We were able to secure some work. There's also a common theme. A kid who telemarketed for me in Philadelphia ended up running that project for us and Evan Gitomer did an amazing job.

You have done a good job with raw talent or younger talent, and then bringing them up through in accord.

The deal there is all we did with Derek and the guys at the Braves, which is an amazing project. I probably went down there half a dozen times and was involved in the initial phases of it but I went to a game back in '18. I was astonished with how much it was exactly what they created. It's a whole little city in Cobb County, which is famous for everything going on with the 2020 presidential election. They made a little city in this pseudo rural. It's in the middle of Atlanta but it's not.

It's an impressive project. We went in there and did the whole sales execution. Van Wagner Sports Entertainment got involved with the Rangers and in some other projects and stuff. We built a little business there that was cool to be a part of. It was a great group. They've gotten out of the space because it is competitive. Outsourcing selling is a weird thing. You have to stack your projects.

You got to know your cost. You've done that. You've built these SEAL teams or Delta force teams that go in it short-term. You got to get everybody committed to the mission. You have to be very mission-focused, which means you have to know your numbers and the strategy but you have to have the situational awareness or sensory acuity to change on the dime because you're go-to-market. There might be some things you wouldn't know. I challenge everybody. What worked in Philly, just because it's an hour South doesn't mean it's going to work in New York, which doesn't mean it's going to work in LA, Atlanta, or Minnesota.

I always admire that about you. You're digging and parachuting in. These are 24-month projects. You have had other roles that are long-term. Let's say for the sake of time, you're at the XFL maybe not selling the same thing but you are having to design. You have to understand XFL's numbers and what ownership wants. You have to understand your competition but you have 8 markets instead of 1. For everybody reading, if you had to summarize your leadership and management in a nutshell, what would be the one-liner there? What would be the sentence that describes it?

Let people do their jobs but on the front end, one of our coaches in DC said, "Good culture is created by good people." You have to have mission-focused people. We were talking about this before, how the sales determine who they bring in. I would rather bring in a high character, less-skilled person that we can adapt with some of the thinking and thought that has upside. Put good people in a position where they can do good things.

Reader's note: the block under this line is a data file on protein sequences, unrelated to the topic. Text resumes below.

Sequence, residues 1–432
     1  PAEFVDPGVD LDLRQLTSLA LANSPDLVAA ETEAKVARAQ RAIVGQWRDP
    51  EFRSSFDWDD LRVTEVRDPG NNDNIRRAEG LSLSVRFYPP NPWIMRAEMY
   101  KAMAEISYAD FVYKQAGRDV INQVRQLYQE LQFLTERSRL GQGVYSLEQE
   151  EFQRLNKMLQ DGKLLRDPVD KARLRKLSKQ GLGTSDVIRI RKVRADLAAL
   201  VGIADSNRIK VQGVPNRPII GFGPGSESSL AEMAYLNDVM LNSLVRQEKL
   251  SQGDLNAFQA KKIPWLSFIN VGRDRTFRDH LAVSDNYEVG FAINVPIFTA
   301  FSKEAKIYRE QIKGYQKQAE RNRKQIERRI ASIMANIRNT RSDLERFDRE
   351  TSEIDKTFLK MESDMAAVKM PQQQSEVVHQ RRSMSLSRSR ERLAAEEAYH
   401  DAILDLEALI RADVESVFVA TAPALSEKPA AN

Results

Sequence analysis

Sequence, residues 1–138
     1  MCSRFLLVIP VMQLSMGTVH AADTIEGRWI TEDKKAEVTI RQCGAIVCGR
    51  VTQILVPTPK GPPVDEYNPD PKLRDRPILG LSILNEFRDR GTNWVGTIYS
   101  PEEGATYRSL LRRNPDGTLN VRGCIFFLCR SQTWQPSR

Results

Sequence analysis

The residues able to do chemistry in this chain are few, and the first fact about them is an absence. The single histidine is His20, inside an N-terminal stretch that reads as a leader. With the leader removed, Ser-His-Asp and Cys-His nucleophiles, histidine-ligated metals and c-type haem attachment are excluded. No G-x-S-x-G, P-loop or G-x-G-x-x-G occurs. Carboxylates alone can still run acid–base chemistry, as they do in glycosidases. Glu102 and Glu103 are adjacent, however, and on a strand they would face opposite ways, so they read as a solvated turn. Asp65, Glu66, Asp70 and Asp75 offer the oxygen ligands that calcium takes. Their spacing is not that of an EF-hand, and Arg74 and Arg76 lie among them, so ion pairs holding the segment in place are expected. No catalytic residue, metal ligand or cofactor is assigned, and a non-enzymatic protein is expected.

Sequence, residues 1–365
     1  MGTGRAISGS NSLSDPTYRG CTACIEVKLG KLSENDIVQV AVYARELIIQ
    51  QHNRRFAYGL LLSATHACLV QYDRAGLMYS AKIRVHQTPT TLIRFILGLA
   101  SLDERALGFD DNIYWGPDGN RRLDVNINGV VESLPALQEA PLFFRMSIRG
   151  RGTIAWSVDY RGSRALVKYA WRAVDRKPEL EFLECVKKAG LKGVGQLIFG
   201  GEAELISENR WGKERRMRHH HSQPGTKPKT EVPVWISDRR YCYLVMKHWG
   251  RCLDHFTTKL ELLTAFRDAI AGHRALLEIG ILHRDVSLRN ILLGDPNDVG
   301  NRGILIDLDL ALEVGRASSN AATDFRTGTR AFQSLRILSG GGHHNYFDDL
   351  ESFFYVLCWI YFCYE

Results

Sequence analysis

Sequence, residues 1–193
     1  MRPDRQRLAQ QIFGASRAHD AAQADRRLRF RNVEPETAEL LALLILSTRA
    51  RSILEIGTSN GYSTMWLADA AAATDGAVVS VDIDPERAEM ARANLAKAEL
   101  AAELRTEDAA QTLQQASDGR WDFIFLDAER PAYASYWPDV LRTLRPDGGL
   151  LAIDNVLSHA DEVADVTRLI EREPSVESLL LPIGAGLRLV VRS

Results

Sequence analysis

Do you believe salespeople are built or born?

It's like athletes. You can't teach speed.

We know that from our sons.

Unfortunately, my son broke his foot. He's going to be even slower.

That sucks. I'm sorry.

My point there is there are certain intangibles that you can't do so you have to come to the table with something and desire or want that you're going to sacrifice. On top of that, you can teach. This is what I've been best at, taking good intended character people and putting them on a path to do great things. That's the thing that makes me proud. We had a kid who used our LinkedIn sales navigator tool and get a sponsorship meeting.

Take good intended, high-character people and put them on a path to do great things.

I'm like, "This is what you should be doing for the company. I don't even run sponsorship but this is great. We could use this in other markets." It's those kinds of moments. You know when you've got a good one that's going to take you to the next point. That's the key. Regarding the adaptability piece, what we were doing in 2022 is a little different than in 2023. With an unbalanced approach, we've got to have different folks with different skills. You have to be stronger in different areas.

One of the things that I think about when I think about you is sales is creating an opportunity where one did not exist. I'm going to bring this down for a landing here. If you had a sales song in your head, what song do you play all the time?

Fool in the Rain. That's my favorite Led Zeppelin song. Although, I did become an immigrant song guy in Minnesota. I've heard that song about 6,000 times while walking through that Prudential Center.

I can think of that. I know exactly what you're talking about. The second thing is if you had to gift a book besides mine, what would you gift?

Raving Fans by Ken Blanchard. He walks through three scenarios of how you create customers. One's Nordstrom's and one's Trader Joe's. He doesn't call them out by name but it's a one-minute manager. It's 110 pages. You could probably read it in a night.

I have Raving Fans. It's a great book. I haven't thought about that.

I probably gave it to you.

Last thing. If you had to define success, what would it be?

At my stage in my life, having your family that wants you around.

I can appreciate that. Jason, as always, big hug even if we're not having a beer or wings.

Sushi. Let's go.